What have you learned about the CityMaking process that you would like to pass on? We asked individuals with knowledge of North Minneapolis and urban planning to share their viewpoints. We will be collecting responses here.

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As long as I’ve been working and writing about city planning, a problem keeps coming up in my mind. Things I often consider to be improvements — a new transit project, investing in a beautiful streetscape, replacing a parking lot with a new apartment building –are sometimes greeted with frustration or anger by people in a neighborhood.

How has the citymaking process affected me?

I learned and continue to learn that the work we are engaged in is much bigger than us, and not in vain.

Through this process I have learned there is still lots of work to do, on the north side of Minneapolis, with regards to race, class and gender. As an Ethiopian woman married to an African American man, I’ve noticed how the city making process is vital to undoing much of the issues.

I am skeptically intrigued by the Creative CityMaking project. Although conceptually, attempts to marry city planning and economic development with the arts are omnipresent; the facilitation via Intermedia Arts suggests promise.

How can people who make decisions in city planning departments effectively listen, collaborate, and share power with people who live in the city? How can peoples’ stories be used to affect planning decisions?

For several decades, cities have been designed around the car, not the person, and definitely not the person without a car. At the same time, the aesthetic and sensory experience of moving around a city, including our interaction with buildings and public space, has been dismissed as unimportant, as we have focused on the city as a place for big business.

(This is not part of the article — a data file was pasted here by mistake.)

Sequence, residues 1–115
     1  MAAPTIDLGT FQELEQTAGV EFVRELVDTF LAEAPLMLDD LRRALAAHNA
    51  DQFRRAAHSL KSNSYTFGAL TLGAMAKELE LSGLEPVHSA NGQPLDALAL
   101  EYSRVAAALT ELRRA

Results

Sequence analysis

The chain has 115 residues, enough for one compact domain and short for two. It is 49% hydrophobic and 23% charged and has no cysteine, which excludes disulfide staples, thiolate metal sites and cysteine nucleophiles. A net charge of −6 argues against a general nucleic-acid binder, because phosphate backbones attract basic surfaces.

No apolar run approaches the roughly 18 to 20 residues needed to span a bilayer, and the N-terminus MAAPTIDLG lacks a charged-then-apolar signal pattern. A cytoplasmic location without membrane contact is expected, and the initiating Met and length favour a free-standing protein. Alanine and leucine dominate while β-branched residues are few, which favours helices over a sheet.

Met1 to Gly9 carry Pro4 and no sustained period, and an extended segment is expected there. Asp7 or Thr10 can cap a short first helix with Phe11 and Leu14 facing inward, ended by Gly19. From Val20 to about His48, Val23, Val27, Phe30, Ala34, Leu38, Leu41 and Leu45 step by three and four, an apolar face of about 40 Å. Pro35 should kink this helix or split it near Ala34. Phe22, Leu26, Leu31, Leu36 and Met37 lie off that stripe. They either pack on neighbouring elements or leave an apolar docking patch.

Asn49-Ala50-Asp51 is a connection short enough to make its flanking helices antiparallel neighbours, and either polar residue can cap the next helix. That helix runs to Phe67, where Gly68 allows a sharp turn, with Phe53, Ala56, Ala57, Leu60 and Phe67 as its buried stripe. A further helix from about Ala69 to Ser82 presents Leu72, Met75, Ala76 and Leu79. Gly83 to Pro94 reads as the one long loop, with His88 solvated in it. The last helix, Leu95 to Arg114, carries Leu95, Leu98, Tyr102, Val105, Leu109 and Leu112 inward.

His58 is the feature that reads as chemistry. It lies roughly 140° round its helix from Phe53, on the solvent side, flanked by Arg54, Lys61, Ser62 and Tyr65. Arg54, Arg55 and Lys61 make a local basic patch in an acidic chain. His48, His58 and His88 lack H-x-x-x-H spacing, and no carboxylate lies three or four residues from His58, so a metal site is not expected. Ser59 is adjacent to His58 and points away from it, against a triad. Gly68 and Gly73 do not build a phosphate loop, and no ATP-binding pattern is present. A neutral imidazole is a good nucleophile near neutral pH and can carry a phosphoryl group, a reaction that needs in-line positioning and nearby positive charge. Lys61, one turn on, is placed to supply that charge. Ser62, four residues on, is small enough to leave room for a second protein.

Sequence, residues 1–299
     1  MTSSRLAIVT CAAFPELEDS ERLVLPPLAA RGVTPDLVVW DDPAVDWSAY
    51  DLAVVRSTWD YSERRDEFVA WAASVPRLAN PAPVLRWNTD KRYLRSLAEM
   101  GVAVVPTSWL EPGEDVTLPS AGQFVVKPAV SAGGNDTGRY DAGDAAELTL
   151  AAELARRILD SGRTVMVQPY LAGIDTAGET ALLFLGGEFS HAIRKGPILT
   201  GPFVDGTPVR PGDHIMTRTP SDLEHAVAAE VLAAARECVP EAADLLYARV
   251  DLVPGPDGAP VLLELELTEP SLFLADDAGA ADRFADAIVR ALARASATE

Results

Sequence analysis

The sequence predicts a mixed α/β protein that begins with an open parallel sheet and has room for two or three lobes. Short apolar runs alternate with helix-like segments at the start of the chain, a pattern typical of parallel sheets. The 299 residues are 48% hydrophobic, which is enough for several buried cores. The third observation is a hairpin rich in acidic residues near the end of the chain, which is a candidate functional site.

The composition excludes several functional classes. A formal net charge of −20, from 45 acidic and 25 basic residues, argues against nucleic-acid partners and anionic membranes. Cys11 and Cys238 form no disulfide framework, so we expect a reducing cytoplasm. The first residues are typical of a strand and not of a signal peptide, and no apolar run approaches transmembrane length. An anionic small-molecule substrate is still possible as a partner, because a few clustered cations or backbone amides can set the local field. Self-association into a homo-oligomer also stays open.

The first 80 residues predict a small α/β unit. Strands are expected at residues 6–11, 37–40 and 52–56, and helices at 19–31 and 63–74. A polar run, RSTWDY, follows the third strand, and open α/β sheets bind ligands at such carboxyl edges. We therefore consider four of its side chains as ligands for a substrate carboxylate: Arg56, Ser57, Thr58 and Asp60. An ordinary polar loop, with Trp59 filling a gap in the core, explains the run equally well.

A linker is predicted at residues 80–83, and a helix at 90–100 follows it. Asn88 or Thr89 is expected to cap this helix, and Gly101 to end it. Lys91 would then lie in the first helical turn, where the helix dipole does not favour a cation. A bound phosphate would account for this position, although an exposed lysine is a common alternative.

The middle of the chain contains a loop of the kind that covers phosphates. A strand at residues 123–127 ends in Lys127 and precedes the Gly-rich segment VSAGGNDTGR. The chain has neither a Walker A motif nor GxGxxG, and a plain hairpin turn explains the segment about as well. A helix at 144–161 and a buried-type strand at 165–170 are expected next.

As I begin to reflect on all that I have learned and experienced over the last year, I am reminded how grateful and fortunate I am to have been selected, along with my collaborators Wing and Jim, for this amazing journey. We have witnessed micro-transformation that we can hope will have a beautiful butterfly effect on the planning process.

So what if you merged the individual artistic process (perceived as subjective, qualitative, serendipitous, playful, emotional, and intuitive), with the urban planning process (perceived as bureaucratic, political, technical, quantitative, and driven by engineering specificity)? As in all stereotypes there is just enough truth to make it a lie.

I think one of the main things I have learned is there is value in taking approaches to planning outside of the standard operating procedures. When we walked up and down Penn Avenue and talked to the people we met we obtained a perspective about the wants and needs of the neighborhood that was different than would be found at a typical community planning engagement meeting. (Click the title to read more!)

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